Greg’s High Performance SEO impressively provides you with 100 separate on-page characteristics to modify. Other plus points are that it loads less than 700 lines of code per page view (i.e. its fast and doesn’t load the server) and reportedly it plays nicely with other plugins.
The Plug-in comes with an instruction manual that covers features and SEO-related stuff, though unfortunately, the manual is quite long. Actually, using the plug-in involves a lot of reading for first time users and this is why I wouldn’t suggest it for casual bloggers or beginner SEOs.
HeadSpace2 is a very interesting plug-in and the 600,000+ downloads are proof of that. Beyond the common SEO features like editing meta tags, this plug-in includes site modules that integrate it with Google Analytics and Google Webmaster Tools as well as services like the Crazy Egg Heat Map Tool, Piwik, HitTail and others.
Another noteworthy feature is the ability to implement messages to first-time visitors to your blog, which is useful for relationship building with your readers.
In terms of usability, HeadSpace2 is relatively easy to use though I did find it a bit cumbersome compared to other plug-ins. Good for beginners and advanced users, a good plug-in overall.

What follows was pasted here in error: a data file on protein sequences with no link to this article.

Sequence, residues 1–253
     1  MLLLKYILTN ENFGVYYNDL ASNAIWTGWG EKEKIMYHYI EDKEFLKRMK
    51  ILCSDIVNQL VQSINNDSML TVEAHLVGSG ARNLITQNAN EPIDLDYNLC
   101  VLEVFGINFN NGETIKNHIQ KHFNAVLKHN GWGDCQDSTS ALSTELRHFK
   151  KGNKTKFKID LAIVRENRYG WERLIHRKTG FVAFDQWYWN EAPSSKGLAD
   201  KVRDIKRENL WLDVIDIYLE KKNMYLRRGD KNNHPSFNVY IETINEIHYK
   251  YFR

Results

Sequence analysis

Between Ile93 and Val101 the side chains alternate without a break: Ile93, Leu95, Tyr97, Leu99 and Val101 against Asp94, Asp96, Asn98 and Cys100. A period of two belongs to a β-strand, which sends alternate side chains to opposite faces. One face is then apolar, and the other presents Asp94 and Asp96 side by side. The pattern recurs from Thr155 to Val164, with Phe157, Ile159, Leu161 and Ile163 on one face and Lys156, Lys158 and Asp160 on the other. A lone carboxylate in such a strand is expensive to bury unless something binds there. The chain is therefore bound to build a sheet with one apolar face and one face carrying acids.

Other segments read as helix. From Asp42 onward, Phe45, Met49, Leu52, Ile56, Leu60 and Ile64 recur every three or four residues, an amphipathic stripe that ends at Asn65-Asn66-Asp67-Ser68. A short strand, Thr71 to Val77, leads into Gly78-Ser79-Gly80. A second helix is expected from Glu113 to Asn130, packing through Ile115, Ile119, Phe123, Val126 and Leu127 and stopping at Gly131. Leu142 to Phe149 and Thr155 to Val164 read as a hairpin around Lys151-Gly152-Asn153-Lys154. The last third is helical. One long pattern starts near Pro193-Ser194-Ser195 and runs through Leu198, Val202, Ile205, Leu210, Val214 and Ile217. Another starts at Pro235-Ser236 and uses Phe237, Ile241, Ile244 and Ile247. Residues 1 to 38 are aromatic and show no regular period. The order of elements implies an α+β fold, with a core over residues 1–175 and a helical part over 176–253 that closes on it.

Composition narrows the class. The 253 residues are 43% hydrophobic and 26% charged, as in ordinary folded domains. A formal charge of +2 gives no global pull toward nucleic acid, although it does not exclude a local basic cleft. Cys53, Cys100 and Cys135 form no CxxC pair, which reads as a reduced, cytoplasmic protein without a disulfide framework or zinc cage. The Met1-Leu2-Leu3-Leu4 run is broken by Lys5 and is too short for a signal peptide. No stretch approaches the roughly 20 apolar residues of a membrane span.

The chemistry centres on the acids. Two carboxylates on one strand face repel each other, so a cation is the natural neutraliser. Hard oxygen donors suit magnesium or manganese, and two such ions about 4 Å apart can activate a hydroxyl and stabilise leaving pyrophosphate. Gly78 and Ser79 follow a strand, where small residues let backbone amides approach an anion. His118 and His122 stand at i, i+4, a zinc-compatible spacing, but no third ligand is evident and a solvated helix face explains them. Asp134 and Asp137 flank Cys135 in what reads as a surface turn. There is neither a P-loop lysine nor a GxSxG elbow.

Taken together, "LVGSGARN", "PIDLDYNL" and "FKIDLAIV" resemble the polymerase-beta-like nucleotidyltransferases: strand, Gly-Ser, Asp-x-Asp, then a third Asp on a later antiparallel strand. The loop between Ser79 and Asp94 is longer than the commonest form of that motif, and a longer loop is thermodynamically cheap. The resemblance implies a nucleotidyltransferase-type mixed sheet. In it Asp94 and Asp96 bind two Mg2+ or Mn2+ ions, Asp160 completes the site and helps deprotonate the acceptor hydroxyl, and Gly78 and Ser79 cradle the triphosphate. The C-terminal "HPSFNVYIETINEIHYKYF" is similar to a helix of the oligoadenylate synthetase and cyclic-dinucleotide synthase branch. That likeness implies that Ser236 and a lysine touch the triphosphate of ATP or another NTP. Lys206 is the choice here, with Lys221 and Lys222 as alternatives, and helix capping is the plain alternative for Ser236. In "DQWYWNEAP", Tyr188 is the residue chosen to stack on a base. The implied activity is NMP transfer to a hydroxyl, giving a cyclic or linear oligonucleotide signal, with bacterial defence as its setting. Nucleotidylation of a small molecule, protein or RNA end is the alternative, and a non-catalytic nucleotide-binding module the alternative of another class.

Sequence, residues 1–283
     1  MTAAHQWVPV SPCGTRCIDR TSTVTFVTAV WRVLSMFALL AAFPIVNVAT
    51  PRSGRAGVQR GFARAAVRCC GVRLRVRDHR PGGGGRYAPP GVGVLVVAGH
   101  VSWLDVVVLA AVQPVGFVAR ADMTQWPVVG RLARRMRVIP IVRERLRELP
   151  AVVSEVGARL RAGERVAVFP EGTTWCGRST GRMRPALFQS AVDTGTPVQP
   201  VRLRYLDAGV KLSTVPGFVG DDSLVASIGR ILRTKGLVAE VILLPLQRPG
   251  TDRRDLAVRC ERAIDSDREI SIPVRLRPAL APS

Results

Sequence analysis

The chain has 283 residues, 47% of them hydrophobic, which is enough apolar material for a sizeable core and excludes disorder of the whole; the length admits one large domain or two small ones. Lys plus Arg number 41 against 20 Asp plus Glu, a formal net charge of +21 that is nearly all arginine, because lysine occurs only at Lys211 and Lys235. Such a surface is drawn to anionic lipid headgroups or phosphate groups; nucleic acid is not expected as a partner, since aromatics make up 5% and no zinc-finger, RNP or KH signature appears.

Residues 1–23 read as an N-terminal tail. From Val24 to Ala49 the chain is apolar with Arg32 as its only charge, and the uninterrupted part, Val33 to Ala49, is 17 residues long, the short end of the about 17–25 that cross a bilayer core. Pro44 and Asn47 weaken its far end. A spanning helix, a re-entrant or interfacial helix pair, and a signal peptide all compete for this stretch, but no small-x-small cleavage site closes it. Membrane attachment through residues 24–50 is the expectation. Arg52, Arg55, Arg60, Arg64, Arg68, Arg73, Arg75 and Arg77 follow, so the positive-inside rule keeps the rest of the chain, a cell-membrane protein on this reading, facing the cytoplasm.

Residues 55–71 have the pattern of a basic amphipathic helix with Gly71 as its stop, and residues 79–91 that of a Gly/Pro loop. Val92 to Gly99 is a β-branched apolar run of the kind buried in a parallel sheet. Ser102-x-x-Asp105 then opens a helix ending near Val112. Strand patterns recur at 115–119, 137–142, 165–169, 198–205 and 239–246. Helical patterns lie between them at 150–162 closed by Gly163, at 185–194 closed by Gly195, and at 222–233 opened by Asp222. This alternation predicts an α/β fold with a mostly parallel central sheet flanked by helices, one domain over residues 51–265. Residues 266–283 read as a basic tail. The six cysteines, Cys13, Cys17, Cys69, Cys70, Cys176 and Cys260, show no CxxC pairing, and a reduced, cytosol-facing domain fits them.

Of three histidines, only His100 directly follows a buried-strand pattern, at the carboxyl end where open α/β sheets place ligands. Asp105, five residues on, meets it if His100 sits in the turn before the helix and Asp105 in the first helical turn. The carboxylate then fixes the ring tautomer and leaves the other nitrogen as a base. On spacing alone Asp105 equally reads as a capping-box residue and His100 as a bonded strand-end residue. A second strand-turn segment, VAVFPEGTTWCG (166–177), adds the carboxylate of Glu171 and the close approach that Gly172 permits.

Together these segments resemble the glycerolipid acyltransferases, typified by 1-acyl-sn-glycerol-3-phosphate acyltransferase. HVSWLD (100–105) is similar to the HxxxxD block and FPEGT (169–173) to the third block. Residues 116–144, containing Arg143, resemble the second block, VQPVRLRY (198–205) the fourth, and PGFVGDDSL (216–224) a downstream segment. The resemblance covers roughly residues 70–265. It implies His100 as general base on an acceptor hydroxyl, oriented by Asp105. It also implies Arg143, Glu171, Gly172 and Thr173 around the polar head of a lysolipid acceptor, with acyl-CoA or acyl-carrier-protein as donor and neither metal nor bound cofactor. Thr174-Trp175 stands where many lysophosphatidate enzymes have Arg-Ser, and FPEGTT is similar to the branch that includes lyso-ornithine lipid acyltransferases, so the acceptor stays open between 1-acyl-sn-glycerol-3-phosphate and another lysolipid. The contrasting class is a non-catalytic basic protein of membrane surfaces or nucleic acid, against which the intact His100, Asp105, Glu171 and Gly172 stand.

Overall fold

When I found out about Scribe, it intrigued me. Although it can be classified as an SEO plug-in, its primary focus is content marketing.
I did experience some trouble testing it as I didn’t have a compatible theme, but a few features I did access were original and useful. For example, their site connections feature allows you to find external sites and social media users related to your keywords. It will also show you a score of how your site compares to other authoritative sites. Nice!
Scribe also has an integrated keyword research function, and as well as a link-building function that helps you identify guest-post opportunities, identify relevant authoritative sites and more. It’s most important feature though is its evaluation tool, which allows users to “how to gently tweak your content so search engines will view it as ideally relevant for your target topical words and phrases.”